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Welcome to my newsletter where I share updates about my writing projects and discuss the importance of historic places.
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Volume 3, Issue 5, December 17, 2018
Seasons Greetings
It's the week before Christmas! The presents are wrapped, cards sent, lists and menus checked several times. In the midst of all the excitement though, there are many who are facing hardship, often through no fault of their own. So, instead of writing about one of the lavish 19th-century historic house museums and how it is decorated for the holidays, I've done something different this time as explained in the main article below. This article also doubles as my classic fiction book recommendation.

I wish everyone Happy Holidays, Merry Christmas, and a wonderful 2019!



Cynthia Collins
Cynthia Collins 










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Charles Dickens' A Christmas Carol

How Charles Dickens' 'A Christmas Carol' Depicts the Faces of Poverty
 
Charles Dickens: A Christmas Carol (1843)
 

A Christmas Carol, that classic story by Charles Dickens set in 19th-century London about Ebenezer Scrooge and his negative, bah-humbug attitude toward Christmas, needs no introduction. It is a well-known description of the change that comes over a cold-hearted, selfish miser after he experiences ghostly visitors on Christmas Eve. The ghosts his former business partner and three others of past, present, and future Christmases, show him scenes which result in his having a permanent change of heart.

It is during this transformation that Dickens depicts the harshness of being poor in 19th-century London by contrasting Scrooge’s opinion with the realities of those who are facing poverty. Early in the story, he is asked for a donation to assist the poor. His response asking if there are no workhouses or prisons refers to the debtors’ prisons which existed for people who could not pay their bills. ... Continue reading

Favorite Classic Fiction in Historical Settings...

A Christmas Carol by Charles Dickens. Original publication, 1843, in London by Chapman & Hall. Illustrations by John Leech.
 
A Christmas Carol by Charles Dickens (1843)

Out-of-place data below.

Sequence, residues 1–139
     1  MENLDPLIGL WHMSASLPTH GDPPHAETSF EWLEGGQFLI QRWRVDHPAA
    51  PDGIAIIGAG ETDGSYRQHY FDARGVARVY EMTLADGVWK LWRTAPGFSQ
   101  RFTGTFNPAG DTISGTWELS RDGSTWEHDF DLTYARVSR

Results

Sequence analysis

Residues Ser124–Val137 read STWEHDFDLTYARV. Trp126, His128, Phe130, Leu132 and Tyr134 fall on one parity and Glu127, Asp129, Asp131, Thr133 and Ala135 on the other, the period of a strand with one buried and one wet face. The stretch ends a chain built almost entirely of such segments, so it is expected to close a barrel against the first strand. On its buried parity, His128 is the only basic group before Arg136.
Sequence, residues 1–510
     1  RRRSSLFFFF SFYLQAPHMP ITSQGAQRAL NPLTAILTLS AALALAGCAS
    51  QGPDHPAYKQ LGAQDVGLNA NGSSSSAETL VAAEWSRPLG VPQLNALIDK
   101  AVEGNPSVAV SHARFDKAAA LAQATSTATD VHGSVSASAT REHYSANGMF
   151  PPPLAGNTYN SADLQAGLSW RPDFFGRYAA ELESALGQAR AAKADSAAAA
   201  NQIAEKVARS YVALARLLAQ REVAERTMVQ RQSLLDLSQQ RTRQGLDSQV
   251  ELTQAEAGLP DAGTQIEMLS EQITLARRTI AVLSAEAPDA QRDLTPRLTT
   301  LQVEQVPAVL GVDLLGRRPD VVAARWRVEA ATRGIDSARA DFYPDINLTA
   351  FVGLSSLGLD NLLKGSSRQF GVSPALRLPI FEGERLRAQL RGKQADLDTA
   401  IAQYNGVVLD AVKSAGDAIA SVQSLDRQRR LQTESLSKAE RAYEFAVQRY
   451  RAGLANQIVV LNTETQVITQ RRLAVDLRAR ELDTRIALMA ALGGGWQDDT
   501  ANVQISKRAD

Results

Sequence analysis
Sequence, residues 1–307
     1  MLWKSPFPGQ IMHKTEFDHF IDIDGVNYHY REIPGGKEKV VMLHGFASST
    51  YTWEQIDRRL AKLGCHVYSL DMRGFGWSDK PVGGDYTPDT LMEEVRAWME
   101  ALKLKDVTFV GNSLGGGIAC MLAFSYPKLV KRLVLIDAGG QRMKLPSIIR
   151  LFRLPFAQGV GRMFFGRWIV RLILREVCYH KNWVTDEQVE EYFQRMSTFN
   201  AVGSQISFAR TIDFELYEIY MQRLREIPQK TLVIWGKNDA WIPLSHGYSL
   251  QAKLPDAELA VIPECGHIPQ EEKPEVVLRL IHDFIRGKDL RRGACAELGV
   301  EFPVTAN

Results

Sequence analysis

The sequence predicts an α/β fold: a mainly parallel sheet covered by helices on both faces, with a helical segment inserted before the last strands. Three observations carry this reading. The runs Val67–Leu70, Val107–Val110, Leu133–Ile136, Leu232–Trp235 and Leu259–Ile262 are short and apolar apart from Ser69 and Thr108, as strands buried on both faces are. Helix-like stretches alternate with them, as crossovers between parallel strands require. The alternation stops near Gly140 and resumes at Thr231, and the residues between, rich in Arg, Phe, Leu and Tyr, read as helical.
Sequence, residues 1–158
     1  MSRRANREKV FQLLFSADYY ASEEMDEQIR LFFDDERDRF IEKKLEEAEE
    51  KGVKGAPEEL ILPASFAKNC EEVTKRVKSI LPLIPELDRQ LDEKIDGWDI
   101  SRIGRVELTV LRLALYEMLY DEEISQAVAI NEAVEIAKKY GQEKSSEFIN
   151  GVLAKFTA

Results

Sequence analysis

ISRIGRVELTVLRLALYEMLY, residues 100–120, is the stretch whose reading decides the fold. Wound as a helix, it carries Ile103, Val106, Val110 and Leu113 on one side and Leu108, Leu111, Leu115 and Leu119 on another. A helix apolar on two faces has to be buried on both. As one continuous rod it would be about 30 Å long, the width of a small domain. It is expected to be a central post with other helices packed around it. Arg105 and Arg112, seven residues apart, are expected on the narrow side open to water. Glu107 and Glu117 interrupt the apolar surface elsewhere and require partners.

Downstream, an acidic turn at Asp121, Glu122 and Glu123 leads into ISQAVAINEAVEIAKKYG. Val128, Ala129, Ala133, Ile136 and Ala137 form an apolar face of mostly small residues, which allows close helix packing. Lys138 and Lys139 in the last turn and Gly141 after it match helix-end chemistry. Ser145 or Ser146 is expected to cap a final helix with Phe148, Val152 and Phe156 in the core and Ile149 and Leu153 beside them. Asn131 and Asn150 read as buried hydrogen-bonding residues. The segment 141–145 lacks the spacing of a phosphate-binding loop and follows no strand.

The Unicorn Tree

The Unicorn Tree by Cynthia Collins © 2018A teenage girl whose brother is lost at sea –
The diary of a nineteenth-century woman –

And the special place that binds them…

Lisa Duncan, a seventeen-year-old high school senior, has an assignment to tour historic Mirabelle Manor, a large estate built in 1850 by a sea captain for his wife. During the tour, she begins to suspect that Mirabelle's ghost is watching her. One of the items on display is a diary, open to a passage about going to a place called the unicorn tree to watch for ships. This appeals to Lisa whose brother is currently sailing across the Atlantic on a commemorative voyage. When news arrives that his ship is lost at sea, her interest in the diary deepens as the past and present lead her to discover what happened.

For reviews and more information, click on the book cover to go to my website.

Ghost story and maritime adventure in a historic setting...
Available at Amazon.com

A Lazy Day Anthology - 1

A Lazy Day AnthologyThis collection of 21 short stories by various authors is the latest book published by the non-profit writers’ group, Bugs2writes, which raises money for children’s medical research in the United Kingdom. The stories range from humorous to serious, fiction and non-fiction, and are suitable for older children, teens, and adults.

Featured Bugs2writes authors are: Elizabeth Allen, Rosemary Baxter, David G. Hulson, Graham Mcglone, Audrey Nye, Sally Saunders, Suzanne Stack, and Julie Hatton (Editor). Featured non-member authors are: Lynne Thelwall and Cynthia Collins.

My story, "The Grass Patters," is a humorous tale of a curious, but not nosy, woman who sees her neighbors poking around in their yard. What starts out as a little eccentric ends up of interest to the whole community with the curious neighbor having a front row seat.

Available in Kindle format at Amazon.com.  All proceeds go to children's medical research.
Photo credits: A Lazy Day Anthology: courtesy of Julie Hatton, editor. The header banner, author photo, and cover of The Unicorn Tree: courtesy of Cynthia Collins.

All articles in this newsletter are by Cynthia Collins. The articles may not be reprinted without written permission. Subscriber lists are not sold or given to any third parties and historic sites are not charged for being featured. To suggest historic sites for future issues, request article reprint permission, or any comments/questions regarding this newsletter, please contact Cynthia Collins.
Copyright © 2018 Cynthia Collins, All rights reserved.



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